The following vehicle registrations are not PST exempt. Rather, they do not attract PST under the Act. These registrations can also be processed by brokers without obtaining a "Q" stamp from CTPB. However, brokers may still request a "Q" stamp if they are unsure whether the requirements for exemption have been met:

  • Vehicle purchased by a registrant for the sole purpose of resale (subject to below) - not subject to PST because of the definition of "use", coded by ICBC under "R."

  • Vehicle transfer for the purpose of repossession where the vehicle is repossessed solely for resale or lease - not subject to PST because of the definition of "use", coded by ICBC under "E."

  • Registration of u-built vehicles - not subject to PST because PST has previously been paid on the parts, coded by ICBC under "I".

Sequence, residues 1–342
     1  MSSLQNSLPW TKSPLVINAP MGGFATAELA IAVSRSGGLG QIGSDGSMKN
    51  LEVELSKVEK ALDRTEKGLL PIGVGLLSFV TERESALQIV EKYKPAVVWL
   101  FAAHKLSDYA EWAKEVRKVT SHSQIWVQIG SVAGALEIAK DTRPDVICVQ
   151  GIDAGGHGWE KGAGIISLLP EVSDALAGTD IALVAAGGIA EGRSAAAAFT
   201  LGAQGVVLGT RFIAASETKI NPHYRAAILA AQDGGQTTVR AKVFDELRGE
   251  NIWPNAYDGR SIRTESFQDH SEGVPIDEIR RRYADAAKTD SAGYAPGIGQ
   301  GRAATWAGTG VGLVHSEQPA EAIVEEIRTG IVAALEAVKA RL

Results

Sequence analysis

• Vehicle transfer due to seizure/transfer by operation of law (for example, transfer under the Warehouse Lien Act) - this transfer is not subject to PST because no "sale" has taken place, coded by ICBC under "S".

  • Vehicle transfers for insurance and licensing purposes only. This is intended only for taxis where the owner transfers to the taxi company only to license the vehicle in taxi company fleet, coded by ICBC under "N".

The following vehicle transfers require a "Q" stamp from CTPB before processing by a broker. If a broker does not obtain a "Q" stamp, they are required to collect any PST in accordance with subsection 30(7):

  • Vehicle transferred under the Patients Property Act - this transfer is not subject to PST because no "sale" has taken place.

  • Vehicle transferred by Court Order - this transfer is not subject to PST because no "sale" has taken place.

  • Vehicle transferred to new corporations (i.e., rollovers) - PSTERR section 151 [tangible personal property transferred to new corporation - wholly owned and controlled] and PSTERR section 152 [tangible personal property transferred to new corporation - not wholly owned and controlled].